# JJRobots COMMUNITY

Full Version: BRobot ESP32
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Hello all,

First I want to say what a great design you guys have come up with for the BRobot. I bought/built the kit a few weeks ago but after getting it going I have decided to create my own version using the ESP32, MPU9250, AMIS 30543 stepper drivers for stepper control and a custom PCB to interface it all. I also have added IR sensors for obstacle avoidance and plan on making it fairly autonomous also. I have it up and balancing and also hooked upto an RC receiver for control with my spektrum radio.

With the ESP32 I am able to replace the arduino leonardo and use just the one ESP32 to handle WIFI, and everything else in one chip. Most of the code I have written is somewhat new and quite different as the ESP32 I am not using arduino libraries. However the control loop for balance and control is the same in principle as the original code. I am curious as to a couple of lines of code that I assume are empiracally calculated but I would like to understand where these come from.

Code:
`int16_t angular_velocity = (angle_adjusted - angle_adjusted_Old) * 90.0; // 90 is an empirical extracted factor to adjust for real units`

Can you guys help explain what the 90.0 factor is. Also I don't see where there is a time delta to compute a velocity. Guessing maybe this is built into the 90?

Code:
```#if MICROSTEPPING==16   speed = speed_M1 * 46; // Adjust factor from control output speed to real motor speed in steps/second #else   speed = speed_M1 * 23; // 1/8 Microstepping #endif```

This is where you are setting the speed of the steppers. Input to this function is the integration of the velocity output from the PD controller which is an acceleration. For the life of me though I can not figure out what is actually happening here to get the acceleration to a velocity or what this 46/23 factor is for. I know it is some multiple of the microstepping but this is not clear to me. Can you help me out of the intent here?

To sum it all up I do have a working implementation that works well and I look forward to sharing my project with the community! If anyone is interested in my project please let me know. I plan on posting some videos soon.

Thanks!
I thought there is now an Arduino project that can be used to program the ESP32.
https://github.com/espressif/arduino-esp32

I thought the speed_M1 * 46 is the number of steps that they want in one second based on the size of the wheel.

Mike
Hi qjones !
You say you are using a MPU-9250, did you modify the B-robot code to make it work ? I'm also trying to use a MPU-9250 on a arduino pro micro but the unmodified B-robot code doesn't seem to work with it.
Thanks
(04-01-2017 09:43 AM)iseries1 Wrote: [ -> ]I thought there is now an Arduino project that can be used to program the ESP32.
https://github.com/espressif/arduino-esp32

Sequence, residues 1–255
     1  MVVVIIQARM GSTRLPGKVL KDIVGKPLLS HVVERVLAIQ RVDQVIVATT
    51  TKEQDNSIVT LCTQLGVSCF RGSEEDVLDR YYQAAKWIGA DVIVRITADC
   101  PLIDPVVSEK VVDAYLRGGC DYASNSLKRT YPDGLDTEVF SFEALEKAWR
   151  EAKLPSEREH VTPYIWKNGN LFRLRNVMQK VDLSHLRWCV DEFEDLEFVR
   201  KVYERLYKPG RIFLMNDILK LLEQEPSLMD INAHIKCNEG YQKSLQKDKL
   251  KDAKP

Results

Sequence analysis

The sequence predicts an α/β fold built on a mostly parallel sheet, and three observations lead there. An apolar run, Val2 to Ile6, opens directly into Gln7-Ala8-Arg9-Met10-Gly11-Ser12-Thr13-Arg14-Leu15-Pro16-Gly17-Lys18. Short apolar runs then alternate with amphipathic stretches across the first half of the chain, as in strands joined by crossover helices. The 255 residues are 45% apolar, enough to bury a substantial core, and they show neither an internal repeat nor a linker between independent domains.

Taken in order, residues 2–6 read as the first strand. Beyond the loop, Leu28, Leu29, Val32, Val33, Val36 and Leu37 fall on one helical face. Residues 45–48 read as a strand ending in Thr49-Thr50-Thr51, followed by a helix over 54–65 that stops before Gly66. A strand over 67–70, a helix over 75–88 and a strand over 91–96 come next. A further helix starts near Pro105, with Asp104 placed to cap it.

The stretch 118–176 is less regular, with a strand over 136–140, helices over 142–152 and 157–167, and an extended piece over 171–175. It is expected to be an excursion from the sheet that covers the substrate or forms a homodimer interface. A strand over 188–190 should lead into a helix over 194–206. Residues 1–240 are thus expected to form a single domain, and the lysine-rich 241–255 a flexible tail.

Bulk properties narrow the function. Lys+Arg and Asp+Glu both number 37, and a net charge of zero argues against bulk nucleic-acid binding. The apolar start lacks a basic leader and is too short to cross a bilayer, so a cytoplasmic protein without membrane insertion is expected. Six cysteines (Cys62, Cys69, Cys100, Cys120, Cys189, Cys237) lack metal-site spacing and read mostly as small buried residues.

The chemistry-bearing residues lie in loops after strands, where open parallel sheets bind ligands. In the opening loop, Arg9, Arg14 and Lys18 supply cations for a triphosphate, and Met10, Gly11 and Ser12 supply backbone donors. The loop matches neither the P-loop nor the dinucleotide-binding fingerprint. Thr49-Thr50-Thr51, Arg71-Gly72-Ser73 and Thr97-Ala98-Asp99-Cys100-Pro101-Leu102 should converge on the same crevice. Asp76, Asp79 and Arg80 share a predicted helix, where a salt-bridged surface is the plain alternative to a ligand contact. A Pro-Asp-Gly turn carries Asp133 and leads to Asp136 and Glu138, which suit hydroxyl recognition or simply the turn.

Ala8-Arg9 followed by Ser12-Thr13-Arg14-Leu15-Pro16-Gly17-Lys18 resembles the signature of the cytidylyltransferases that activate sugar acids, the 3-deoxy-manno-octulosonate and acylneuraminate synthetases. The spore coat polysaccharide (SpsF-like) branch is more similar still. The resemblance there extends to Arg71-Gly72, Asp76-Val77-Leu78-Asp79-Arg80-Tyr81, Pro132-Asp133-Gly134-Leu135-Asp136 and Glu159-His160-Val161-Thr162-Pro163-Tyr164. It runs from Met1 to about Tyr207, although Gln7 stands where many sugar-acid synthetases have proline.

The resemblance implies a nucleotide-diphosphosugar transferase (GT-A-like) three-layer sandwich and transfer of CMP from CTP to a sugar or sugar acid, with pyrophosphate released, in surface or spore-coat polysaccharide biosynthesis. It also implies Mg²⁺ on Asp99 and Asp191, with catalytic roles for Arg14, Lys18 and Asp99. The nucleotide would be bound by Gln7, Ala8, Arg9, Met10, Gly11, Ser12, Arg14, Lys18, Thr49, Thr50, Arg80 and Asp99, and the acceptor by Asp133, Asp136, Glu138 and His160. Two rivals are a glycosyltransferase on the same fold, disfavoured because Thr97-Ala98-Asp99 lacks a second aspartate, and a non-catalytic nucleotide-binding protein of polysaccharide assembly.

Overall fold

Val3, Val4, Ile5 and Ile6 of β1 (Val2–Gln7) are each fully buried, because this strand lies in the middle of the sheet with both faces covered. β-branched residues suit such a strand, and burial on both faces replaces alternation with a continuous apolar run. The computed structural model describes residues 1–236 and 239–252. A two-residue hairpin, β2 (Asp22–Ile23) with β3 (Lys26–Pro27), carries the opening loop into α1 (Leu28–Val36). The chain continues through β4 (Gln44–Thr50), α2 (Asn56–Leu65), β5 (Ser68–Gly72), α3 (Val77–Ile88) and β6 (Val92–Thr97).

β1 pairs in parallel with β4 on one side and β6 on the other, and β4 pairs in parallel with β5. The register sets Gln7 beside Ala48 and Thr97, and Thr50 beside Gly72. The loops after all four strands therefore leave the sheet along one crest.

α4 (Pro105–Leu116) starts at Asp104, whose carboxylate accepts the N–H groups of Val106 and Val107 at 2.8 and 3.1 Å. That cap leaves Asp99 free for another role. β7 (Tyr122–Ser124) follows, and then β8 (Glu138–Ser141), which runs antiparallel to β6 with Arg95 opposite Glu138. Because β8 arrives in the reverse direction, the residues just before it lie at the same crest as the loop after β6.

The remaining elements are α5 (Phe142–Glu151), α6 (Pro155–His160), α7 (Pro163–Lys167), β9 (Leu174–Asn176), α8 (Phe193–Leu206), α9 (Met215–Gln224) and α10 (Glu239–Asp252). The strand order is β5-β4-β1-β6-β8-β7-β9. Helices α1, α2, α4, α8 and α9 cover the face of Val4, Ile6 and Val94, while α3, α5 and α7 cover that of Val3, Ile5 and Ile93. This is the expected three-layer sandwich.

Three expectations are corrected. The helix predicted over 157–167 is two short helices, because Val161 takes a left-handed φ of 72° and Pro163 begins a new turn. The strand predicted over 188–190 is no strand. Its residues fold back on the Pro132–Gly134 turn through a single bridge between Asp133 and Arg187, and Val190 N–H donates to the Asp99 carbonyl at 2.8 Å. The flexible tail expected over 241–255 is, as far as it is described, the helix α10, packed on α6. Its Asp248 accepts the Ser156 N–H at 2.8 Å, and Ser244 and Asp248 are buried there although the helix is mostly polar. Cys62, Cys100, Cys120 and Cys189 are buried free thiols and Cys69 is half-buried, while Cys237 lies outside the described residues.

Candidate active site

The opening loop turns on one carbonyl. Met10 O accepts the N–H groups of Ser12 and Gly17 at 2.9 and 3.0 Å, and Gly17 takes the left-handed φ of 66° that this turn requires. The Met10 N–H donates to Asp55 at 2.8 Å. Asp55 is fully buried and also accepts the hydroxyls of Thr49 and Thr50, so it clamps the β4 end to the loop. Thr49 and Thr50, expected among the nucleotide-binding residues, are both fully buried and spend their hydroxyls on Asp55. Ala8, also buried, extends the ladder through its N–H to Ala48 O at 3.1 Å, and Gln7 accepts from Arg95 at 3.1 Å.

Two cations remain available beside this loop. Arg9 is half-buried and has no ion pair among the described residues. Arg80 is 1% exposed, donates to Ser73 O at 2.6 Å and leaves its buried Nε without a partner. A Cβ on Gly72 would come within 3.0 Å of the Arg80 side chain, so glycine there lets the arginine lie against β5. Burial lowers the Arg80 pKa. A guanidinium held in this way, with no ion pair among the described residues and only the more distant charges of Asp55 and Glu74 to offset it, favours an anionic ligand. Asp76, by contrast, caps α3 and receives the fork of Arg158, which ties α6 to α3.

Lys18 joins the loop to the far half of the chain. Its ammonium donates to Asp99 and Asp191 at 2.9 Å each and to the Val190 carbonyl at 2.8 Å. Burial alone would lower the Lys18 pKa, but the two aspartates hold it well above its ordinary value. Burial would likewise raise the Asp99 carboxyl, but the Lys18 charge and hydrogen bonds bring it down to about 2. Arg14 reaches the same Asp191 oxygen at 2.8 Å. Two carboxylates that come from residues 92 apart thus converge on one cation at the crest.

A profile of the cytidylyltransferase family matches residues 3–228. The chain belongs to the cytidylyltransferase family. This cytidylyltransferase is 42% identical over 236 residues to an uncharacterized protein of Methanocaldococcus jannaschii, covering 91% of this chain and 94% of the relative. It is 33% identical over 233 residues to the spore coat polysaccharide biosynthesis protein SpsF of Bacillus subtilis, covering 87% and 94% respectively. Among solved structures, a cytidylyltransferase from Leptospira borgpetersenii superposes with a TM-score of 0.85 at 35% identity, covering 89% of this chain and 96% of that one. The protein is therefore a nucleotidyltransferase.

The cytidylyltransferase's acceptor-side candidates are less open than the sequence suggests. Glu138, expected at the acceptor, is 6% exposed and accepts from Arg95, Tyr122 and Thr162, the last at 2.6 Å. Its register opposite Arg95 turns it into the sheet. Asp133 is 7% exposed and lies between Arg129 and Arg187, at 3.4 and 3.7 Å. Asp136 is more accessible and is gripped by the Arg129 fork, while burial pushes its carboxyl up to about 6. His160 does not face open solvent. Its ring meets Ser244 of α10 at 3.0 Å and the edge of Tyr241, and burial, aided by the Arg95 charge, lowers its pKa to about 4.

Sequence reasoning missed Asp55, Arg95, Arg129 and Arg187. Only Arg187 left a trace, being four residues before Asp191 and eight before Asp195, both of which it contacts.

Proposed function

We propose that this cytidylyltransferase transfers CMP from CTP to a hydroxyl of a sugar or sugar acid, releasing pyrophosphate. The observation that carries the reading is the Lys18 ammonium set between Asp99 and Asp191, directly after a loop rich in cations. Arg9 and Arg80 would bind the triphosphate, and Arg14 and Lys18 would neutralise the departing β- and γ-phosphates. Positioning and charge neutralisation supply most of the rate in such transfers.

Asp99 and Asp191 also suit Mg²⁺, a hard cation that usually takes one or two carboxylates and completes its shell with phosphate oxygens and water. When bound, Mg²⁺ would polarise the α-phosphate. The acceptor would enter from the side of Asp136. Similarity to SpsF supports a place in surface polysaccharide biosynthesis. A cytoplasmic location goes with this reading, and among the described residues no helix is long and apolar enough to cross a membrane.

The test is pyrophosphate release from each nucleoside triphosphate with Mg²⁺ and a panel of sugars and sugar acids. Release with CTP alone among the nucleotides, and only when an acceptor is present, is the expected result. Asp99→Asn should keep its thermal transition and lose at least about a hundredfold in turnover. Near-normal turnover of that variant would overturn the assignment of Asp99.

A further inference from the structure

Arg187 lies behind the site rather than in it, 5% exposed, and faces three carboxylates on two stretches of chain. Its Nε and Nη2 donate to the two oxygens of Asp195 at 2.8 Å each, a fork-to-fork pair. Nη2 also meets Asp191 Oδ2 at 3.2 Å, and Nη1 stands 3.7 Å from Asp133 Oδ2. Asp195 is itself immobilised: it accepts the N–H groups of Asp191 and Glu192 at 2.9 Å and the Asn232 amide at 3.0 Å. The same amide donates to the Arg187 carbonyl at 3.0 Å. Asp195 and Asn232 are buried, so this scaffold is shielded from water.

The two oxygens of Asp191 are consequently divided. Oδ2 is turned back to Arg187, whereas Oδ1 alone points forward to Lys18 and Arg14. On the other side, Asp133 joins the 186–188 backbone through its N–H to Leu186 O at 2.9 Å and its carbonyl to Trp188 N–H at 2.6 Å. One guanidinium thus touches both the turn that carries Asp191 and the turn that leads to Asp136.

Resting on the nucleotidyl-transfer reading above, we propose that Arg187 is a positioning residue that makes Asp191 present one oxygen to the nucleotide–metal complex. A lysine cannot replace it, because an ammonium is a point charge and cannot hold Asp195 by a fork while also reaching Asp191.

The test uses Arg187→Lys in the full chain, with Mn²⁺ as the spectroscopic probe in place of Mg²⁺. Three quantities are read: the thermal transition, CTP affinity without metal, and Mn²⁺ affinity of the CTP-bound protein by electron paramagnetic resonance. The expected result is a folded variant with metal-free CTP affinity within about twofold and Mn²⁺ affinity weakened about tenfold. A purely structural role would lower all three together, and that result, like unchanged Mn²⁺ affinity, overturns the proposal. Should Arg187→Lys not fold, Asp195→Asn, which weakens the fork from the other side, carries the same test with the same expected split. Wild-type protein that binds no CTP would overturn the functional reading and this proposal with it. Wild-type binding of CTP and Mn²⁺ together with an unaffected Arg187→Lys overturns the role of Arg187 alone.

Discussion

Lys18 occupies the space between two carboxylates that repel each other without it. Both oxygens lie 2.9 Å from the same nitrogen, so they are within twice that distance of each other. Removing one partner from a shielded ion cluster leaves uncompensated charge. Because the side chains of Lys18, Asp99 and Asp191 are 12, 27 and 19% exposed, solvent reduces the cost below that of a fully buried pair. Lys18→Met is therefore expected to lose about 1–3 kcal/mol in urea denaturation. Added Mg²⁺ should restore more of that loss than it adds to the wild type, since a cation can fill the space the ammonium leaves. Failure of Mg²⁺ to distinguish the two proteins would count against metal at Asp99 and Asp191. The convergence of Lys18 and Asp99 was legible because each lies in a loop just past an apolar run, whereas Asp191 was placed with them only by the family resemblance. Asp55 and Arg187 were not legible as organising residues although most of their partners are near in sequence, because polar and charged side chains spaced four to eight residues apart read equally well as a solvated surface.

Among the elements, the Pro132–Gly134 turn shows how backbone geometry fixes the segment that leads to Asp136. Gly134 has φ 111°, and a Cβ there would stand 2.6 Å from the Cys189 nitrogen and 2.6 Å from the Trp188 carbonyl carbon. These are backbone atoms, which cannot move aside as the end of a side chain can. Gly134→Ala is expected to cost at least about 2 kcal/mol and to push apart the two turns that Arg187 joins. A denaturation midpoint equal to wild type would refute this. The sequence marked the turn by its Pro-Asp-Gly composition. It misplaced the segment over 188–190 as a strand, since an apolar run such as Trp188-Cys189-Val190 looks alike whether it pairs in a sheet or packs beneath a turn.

I thought the speed_M1 * 46 is the number of steps that they want in one second based on the size of the wheel.

Mike

You are correct there is the arduino port. Couple of reasons I chose to go with what they call the esp-idf libraries.

1. I have been doing arduino for quite some time and was looking to branch out to slightly more advanced ways of coding and getting some performance boosts and ability to use cheaper chips in the future.

2. I think the arduino-esp32 has probably caught up now but it was not as feature complete as the other side initially. Either way since I was using different hardware the code was going to have to change either way. I have it working well I just would like to be able to know what some of the "magic" numbers are for my own understanding.

I am sure the wheel diameter is probably in there somewhere potentially. But from looking at the forums it seems to work pretty well with different sized wheels by just adjusting the PID gains and nothing else...

(04-01-2017 12:41 PM)xStouf Wrote: [ -> ]Hi qjones !
You say you are using a MPU-9250, did you modify the B-robot code to make it work ? I'm also trying to use a MPU-9250 on a arduino pro micro but the unmodified B-robot code doesn't seem to work with it.
Thanks

I did modify the original code quite heavily. Basically started from scratch and pulled in parameters and some of the balancing code. I ended up using the sparkfun MPU-9250 library as a reference and all seems to work well. JJRobots modified the DMP to make it more lightweight/efficient that might have something to do with it. If you can pull that library in a get your tilt angles it should not be to hard to change out. I need the magnetometer for a heading read in my navigation is why I went with it. I can help you out if you need.

Thanks,
(04-01-2017 06:25 PM)qjones Wrote: [ -> ]I did modify the original code quite heavily. Basically started from scratch and pulled in parameters and some of the balancing code. I ended up using the sparkfun MPU-9250 library as a reference and all seems to work well. JJRobots modified the DMP to make it more lightweight/efficient that might have something to do with it. If you can pull that library in a get your tilt angles it should not be to hard to change out. I need the magnetometer for a heading read in my navigation is why I went with it. I can help you out if you need.

Thanks,